The end of winter is an exciting time of year. Homeowners become eager to get back outside after a long lull in lawn care duties—but even the most hopeful of hearts sink at the sight of dead patches of grass as winter fades away.
Snow mold is the turf disease responsible for these whitish-gray or pink patches in the lawn that are revealed under the melting snow. Although grass may not be growing in the cold of winter, that’s when snow molds become active.
What is Snow Mold?
Snow mold is a fungal lawn disease that strikes during the cold months of the year, particularly during times of extended snow cover. Indiana lawns are susceptible to two types of snow molds: Gray snow mold (Typhula blight) and pink snow mold (Microdochium patch).
Although many fungal lawn diseases are active when temperatures are warm, snow mold remains dormant in the form of sclerotia and is often undetected during summer months. In fact, these hard masses of fungal cells can withstand challenging environmental conditions and may remain dormant for many years until conditions are favorable for them to grow and attack a lawn.
When conditions are freezing or near freezing, that’s when snow mold thrives. Snow cover is required for gray snow mold to grow, but pink snow mold may form with or without snow cover. Both typically form radiating circular patterns of damage that range from 3”-12” in diameter. These small patterns may merge into larger areas of damage. You may notice an outer ring of white mycelium resembling cobwebs, which is the early growth stage of these molds. The inner circle will appear pink with pink snow mold and remain whitish-gray with gray snow mold. You may also find tiny black sclerotia masses in cases of gray snow mold.
Snow Mold Prevention
If you’ve been through an occurrence of snow mold, chances are you’ll want to prevent it from ever striking again. Here are some of the steps you can take to protect your beautiful lawn from snow mold damage:
- Consider resistant species of grasses. Although all types of turfgrasses are susceptible to both pink and gray snow molds, Kentucky bluegrass and fescues are the most resistant.
- Follow a balanced fertilization program. Particularly, excessive over-application of nitrogen fertilizer in the fall can create a favorable environment for snow molds to thrive. Our lawn care treatment programs are specifically formulated for Indiana lawns and can help prevent snow mold from occurring.
- Follow through on lawn care responsibilities. Don’t skip that final treatment of the year! During the late fall, keep mowing the lawn until it enters a state of dormancy. Also be sure to remove leaves, clumps of mown grass or any other materials like hay or mulch from the yard before snowfall. These materials retain moisture on the turf and provide insulation, which is exactly what snow mold needs to thrive while it feeds on your lawn.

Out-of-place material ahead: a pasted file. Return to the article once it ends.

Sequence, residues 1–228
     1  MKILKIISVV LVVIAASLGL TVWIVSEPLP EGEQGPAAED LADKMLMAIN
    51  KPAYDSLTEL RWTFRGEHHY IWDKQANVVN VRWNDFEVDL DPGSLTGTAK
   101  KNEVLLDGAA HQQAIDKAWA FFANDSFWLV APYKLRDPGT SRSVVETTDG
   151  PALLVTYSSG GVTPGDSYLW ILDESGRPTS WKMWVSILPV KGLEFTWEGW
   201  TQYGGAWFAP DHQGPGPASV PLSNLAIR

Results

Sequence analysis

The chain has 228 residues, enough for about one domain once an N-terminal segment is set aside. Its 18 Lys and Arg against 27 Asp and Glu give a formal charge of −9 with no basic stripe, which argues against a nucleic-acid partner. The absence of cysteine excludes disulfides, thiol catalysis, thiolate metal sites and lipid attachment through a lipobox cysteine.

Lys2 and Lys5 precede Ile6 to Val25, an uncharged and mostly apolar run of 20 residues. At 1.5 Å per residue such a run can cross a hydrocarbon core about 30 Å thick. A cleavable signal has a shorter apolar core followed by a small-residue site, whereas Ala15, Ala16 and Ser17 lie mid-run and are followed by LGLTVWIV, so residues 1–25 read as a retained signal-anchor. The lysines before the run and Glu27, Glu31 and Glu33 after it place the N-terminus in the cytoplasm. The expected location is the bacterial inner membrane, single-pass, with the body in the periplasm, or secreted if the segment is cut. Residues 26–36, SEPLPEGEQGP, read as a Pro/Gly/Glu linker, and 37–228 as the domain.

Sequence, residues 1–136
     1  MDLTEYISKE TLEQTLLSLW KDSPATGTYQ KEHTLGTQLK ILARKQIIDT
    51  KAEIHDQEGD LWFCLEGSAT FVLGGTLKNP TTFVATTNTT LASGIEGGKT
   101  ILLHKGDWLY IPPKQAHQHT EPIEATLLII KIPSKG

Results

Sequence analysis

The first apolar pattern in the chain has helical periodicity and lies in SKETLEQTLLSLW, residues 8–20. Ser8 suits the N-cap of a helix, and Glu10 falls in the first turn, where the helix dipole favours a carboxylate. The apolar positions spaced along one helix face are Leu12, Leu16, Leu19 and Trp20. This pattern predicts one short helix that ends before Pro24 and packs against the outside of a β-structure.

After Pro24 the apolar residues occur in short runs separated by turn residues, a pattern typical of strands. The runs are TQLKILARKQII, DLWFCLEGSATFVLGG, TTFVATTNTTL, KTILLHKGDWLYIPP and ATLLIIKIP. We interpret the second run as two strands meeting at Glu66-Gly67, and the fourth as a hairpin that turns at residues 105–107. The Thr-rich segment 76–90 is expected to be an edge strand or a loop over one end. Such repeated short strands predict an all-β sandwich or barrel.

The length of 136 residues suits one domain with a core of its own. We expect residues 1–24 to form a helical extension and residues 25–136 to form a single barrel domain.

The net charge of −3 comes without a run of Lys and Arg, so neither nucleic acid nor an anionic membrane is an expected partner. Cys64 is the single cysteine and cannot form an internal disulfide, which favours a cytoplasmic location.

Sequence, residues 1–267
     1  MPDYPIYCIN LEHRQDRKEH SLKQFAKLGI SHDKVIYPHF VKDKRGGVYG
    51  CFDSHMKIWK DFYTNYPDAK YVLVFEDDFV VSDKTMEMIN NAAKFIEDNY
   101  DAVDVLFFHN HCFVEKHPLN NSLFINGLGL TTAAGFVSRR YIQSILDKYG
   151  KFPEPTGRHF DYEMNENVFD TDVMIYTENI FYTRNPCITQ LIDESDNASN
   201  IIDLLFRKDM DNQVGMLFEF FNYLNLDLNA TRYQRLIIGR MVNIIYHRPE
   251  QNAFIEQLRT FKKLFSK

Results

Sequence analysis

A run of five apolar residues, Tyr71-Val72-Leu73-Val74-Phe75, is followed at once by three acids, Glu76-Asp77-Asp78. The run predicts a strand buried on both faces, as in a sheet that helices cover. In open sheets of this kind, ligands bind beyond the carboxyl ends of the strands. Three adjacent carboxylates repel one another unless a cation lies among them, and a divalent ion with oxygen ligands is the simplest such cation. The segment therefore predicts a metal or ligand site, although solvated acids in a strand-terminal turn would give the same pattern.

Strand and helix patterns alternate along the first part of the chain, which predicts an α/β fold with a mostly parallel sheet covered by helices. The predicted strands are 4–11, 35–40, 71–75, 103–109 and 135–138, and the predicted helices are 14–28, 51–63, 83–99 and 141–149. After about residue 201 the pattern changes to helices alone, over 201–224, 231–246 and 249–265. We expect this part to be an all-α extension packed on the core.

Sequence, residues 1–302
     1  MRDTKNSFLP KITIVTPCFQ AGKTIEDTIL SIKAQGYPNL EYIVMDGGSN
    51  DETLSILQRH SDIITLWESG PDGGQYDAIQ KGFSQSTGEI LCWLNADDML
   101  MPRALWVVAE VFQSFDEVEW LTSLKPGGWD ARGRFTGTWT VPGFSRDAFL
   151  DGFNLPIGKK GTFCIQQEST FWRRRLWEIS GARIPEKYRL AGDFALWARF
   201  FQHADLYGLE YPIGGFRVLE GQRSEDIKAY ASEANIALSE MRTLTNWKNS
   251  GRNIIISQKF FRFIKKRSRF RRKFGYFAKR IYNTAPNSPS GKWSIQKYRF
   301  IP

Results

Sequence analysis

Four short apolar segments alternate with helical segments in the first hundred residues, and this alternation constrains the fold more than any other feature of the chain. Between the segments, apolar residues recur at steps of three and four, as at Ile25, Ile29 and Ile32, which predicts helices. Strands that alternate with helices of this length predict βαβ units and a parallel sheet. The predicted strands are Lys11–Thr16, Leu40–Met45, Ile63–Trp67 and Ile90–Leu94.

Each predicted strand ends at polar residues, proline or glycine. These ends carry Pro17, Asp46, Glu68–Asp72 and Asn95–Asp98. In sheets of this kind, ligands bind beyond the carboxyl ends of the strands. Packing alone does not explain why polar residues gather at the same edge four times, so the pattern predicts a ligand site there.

- Prevent snow drifts or large piles of snow on the lawn. Areas where large amounts of snow are allowed to accumulate on the grass will become much more vulnerable to snow mold. These slow-thawing piles set the stage with the right moisture and insulation for a snow mold horror story.
- Be consistent with lawn care. In addition to a balanced fertilization program like ours, be as consistent as possible with maintaining a healthy mowing height and irrigation program. Never remove more than ⅓ of the total length of the grass—even if you’ve missed a mowing and need to “catch up.” This stresses the lawn—as does long periods without water. The healthier the lawn is on a consistent basis, the more resistant it will be to diseases.
- Give shady areas a little TLC. Snow mold is more common in densely shaded areas, mainly because shady areas take longer to dry out after the thaw. Consider taking steps to improve drainage efficiency in shady lawn areas, and certainly remove fallen leaves or other debris from these areas. Perhaps the kiddos should build Frosty in a more sunny spot of the lawn, as well.
How to Treat Snow Mold & Minimize Damage
When snow mold attacks, homeowners need to know the steps to take to minimize the damage and treat the affected areas. The Purdue University Cooperative Extension Service recommends against the use of fungicides on residential lawns, which are toxic and can also damage or kill turfgrass. However, immediate steps can be taken to stop the growth of snow mold and hasten the lawn’s healing process in lieu of fungicides.
In a nutshell, here’s our advice for how to stop snow mold: groom and resume. Groom your lawn by raking through the affected patches to loosen grass that has become matted. A mowing may also help to get more air circulating through the matted grass plants. After grooming, resume fertilization treatments to help restore the health of your turf.
In severe cases, snow mold may permanently damage grass plants—in which case establishment of new growth from seed may be necessary. If you’re unsure about the severity of a case of snow mold in your lawn, we can help you assess the damage and chart the right plan for recovery.
As always, we’re here to help you solve your lawn care mysteries. Although it may be the first suspect, snow mold isn’t the only factor that can leave you with dead grass after winter. We’ll help you properly diagnose any cases of post-winter damage to be sure your lawn gets on the road to recovery. Call us today toll-free at 877-963-3200, or receive a free estimate online. For more frost and snow-related yard tips, read here.